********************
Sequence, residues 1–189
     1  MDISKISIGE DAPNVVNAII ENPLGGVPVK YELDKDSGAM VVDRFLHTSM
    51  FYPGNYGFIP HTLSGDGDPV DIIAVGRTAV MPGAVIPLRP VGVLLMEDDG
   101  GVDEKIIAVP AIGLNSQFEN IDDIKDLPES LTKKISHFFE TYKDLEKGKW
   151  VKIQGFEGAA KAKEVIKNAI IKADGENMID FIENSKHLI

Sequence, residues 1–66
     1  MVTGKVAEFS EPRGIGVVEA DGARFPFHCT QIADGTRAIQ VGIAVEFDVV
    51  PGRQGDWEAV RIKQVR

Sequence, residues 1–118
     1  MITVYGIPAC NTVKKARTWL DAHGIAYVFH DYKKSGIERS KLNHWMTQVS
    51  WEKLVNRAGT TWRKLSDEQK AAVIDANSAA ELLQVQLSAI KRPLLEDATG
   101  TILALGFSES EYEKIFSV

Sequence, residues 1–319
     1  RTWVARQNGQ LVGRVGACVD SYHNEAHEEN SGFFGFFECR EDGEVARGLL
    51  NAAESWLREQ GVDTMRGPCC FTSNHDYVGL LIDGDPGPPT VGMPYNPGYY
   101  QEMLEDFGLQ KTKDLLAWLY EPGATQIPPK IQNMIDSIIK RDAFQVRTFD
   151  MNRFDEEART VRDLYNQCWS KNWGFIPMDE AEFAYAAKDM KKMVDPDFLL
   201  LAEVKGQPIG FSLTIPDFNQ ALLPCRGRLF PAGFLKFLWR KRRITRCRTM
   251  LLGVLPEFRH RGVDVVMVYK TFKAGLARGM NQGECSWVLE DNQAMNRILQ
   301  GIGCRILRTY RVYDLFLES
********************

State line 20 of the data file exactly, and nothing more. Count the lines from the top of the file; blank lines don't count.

   301  GIGCRILRTY RVYDLFLES